– It's complete nonsense. Though I do think everyone has a best body type for competition, and it can vary from person to person.
– I feel that I play best when I've finished a bulking cycle and gotten down to around 12% bodyfat.
Former president Pål «The Wall» congratulating Markus with his new presidency.
Yeah, but doesn't the added bulk accentuate your physical tells, I asked him? A skilled player picks up on these tells after years of observation. One notices that certain players start to release a throw of Paper way too early, or that others will clench their fists tighter when they're planning on staying with Rock.
Markus offered to demonstrate. We faced each other with our fists extended, and primed at a moderate speed. One, two, three, shoot…
Just after the count of three, as our fists started to descend, I noticed the lumbrical muscles associated with Markus' index and middle fingers were starting to tense; an unmistakeable sign that scissors is coming.
Deciding to rub salt in the wound, I delivered my classic finishing move, the "no-look Rock", a flashy win for a flashy guy. I looked up at Markus' smiling face and then looked down to see him holding a perfectly formed palm-up Paper, giving him the win.
«But how…» I asked, struggling to comprehend what I had just seen.
«Through advanced muscle condition, I can move those muscles independently of the fingers themselves. It wasn't easy to learn, but my strength is in my training»
was his surprisingly humble reply.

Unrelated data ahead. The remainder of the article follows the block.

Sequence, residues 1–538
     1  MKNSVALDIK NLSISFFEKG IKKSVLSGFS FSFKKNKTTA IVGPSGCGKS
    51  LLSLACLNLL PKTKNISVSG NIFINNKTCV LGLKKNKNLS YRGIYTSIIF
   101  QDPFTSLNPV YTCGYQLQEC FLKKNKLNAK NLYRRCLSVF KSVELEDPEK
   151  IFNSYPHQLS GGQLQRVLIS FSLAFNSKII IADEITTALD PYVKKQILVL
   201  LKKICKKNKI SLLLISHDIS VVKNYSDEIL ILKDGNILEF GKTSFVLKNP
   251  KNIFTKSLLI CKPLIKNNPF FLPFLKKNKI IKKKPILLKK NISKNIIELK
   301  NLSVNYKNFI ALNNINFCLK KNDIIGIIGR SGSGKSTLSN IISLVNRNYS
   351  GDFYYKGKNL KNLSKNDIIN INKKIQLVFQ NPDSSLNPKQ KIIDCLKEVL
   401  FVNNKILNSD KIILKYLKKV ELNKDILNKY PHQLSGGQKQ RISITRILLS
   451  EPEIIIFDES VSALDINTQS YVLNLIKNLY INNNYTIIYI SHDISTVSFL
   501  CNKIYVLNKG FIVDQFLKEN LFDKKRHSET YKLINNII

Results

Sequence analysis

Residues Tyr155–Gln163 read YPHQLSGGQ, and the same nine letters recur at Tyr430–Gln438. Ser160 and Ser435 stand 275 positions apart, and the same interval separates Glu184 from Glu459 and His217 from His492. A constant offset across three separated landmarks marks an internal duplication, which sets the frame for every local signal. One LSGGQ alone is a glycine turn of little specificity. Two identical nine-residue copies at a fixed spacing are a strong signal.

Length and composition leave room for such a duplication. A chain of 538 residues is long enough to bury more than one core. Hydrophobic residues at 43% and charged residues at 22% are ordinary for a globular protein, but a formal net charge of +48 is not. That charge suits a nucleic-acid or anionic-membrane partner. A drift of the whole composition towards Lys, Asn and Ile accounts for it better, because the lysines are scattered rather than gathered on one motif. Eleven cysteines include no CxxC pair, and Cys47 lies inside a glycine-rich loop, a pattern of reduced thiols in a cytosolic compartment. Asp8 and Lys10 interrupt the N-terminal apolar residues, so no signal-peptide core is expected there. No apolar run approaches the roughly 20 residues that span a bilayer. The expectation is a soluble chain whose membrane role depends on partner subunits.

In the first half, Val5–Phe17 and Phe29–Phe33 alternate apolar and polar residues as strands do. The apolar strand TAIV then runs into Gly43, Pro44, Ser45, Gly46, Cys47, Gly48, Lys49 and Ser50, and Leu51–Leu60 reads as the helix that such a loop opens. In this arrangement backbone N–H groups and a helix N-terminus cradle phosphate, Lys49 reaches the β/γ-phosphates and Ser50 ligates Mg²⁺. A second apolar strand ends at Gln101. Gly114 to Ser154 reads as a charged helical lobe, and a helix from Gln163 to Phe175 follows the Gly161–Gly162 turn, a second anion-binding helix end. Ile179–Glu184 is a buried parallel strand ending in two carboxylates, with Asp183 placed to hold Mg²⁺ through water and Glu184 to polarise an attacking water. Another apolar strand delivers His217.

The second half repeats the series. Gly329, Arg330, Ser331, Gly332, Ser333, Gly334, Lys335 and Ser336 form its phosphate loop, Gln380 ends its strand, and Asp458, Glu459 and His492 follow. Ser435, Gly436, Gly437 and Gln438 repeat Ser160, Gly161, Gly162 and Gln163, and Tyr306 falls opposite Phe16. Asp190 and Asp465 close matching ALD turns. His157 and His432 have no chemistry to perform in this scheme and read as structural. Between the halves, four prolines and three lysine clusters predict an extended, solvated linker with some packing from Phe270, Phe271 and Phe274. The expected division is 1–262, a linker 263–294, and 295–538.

Markus was known for his fast moves. Her he has delivered his paper way before his opponent has delivered his rock.
But it wasn't all about looking at junk in his office and social niceties. I had some hard questions for him as well. For instance, out of three NFSSP presidents, why have all three been male? Where is the female presence in the sports' administration?
Markus grew serious.
– In the days before NFSSP, there was a smaller organization handling our Olympic RPS team. We weren't very skilled competitors in those days before Geir Arne Brevik, back in the 1970s and 80s.
– There was a blood doping scandal that affected our men's team in the late 80s, and we lost our ability to compete for a decade. The women's team grew quite strong, as they had full access to the funds and training resources for both teams.
– The men who still wanted to be involved in the sport naturally gravitated towards admin. Even after the ban was lifted, most of our administrators have been male, though that number is more even these days.
– This is why the first Team Norway that was sent to the World Championships was all male. The women's team had been travelling internationally for years and were tired of it. They also wanted us to have a shot at the glory they experienced.
Markus added, «Of course, there are no limits to who can compete in the Norwegian National Championships. We accept players of every sex, race, creed, color, and gender identification. If you're a member of NFSSP there are only three things you care about
Rock, Paper, and Scissors.
Markus gets his prize after the national championship in '09. Who will get it this year?